The VA Loan Process

Purchasing your next home through the VA is very similar to funding through any other loan program. However, there are some minor differences, such as documents and records required to submit your loan. The purpose of this article is to take the VA buying process, break it down, and provide advice that will hopefully simplify the journey towards financing a new home.

  1. Find Out if You are Eligible to Receive the VA Home Loan. Find a real estate agent to work with, preferably one who is used to working with homebuyers who use the VA loan. See the article titled “VA Loan Eligibility” to learn about additional requirements necessary to see if you qualify for a home loan through the VA.
  2. Find a Lender. Similar to choosing a real estate agent, you’re going to want to find a lender who not only participates in the VA program, but who is knowledgeable about the process. This would be a good place to “pre-qualify” for your loan, or see how big a loan you can afford. Take discount points, closing costs, and other fees into account, and shop around before you choose a lender so you can find interest rates that fit comfortably into your budget.
  3. Obtain Your COE. Personally, I think a veteran should do this as soon as they decide that they want to fund through the VA. Your COE outlines your VA benefits and verifies whether you meet the requirements necessary to receive a VA loan. I believe this should be done before you actually get the process started simply because sometimes it takes a while for the VA to send you your COE. If you find that it’s taking more than two weeks to receive your COE, contact your state senator and request that he contacts the VA and intercedes on your half in order to speed up the process.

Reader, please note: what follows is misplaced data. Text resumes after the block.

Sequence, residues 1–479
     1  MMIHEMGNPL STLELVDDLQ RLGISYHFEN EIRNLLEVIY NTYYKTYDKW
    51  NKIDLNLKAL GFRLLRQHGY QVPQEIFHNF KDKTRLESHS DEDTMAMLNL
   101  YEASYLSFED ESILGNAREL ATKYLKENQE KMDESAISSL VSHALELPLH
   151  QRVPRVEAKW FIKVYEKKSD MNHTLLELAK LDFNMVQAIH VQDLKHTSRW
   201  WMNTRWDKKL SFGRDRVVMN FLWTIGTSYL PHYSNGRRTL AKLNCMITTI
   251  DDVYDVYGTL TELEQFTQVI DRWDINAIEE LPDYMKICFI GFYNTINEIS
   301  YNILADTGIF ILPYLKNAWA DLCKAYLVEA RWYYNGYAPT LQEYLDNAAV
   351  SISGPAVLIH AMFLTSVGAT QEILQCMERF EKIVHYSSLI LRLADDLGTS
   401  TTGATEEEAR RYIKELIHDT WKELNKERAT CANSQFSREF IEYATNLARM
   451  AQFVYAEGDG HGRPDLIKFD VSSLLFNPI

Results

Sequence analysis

4. Find a Property that You Wish to Buy, and Sign a Purchase and Sales Agreement. This is the fun part! Work with your real estate agent to find a home and negotiate a sales contract. Make sure that the contract includes a “VA Option Clause.” Here’s an example: “It is expressly agreed that, notwithstanding any other provisions of this contract, the purchaser shall not incur any penalty by forfeiture of earnest money or otherwise be obligated to complete the purchase of the property described herein, if the contract purchase price or cost exceeds the reasonable VALUE OF THE PROPERTY established by the Department of Veterans Affairs. The purchaser shall, however, have the privilege and option of proceeding with the consummation of this contract without regard to the amount of the reasonable value established by the Department of Veterans Affairs.” You may also want to include a clause that allows you to escape the contract without penalty in the event that you do not get approved for the VA loan.
  5. Apply for the VA Loan. Work with your lender to find out which documents and records are required, and fill out a loan application. Typically, the lender will request items such as your COE, DD-214, the purchase and sales agreement, driver’s license, pay stubs, W-2, federal tax returns, and bank statements.
  6. Loan Processing: At this point, the lender looks at all of the documents that you have sent them and they order a VA Appraisal. The appraiser will send your lender an appraisal review, and from there the lender will determine whether the loan should be approved or denied.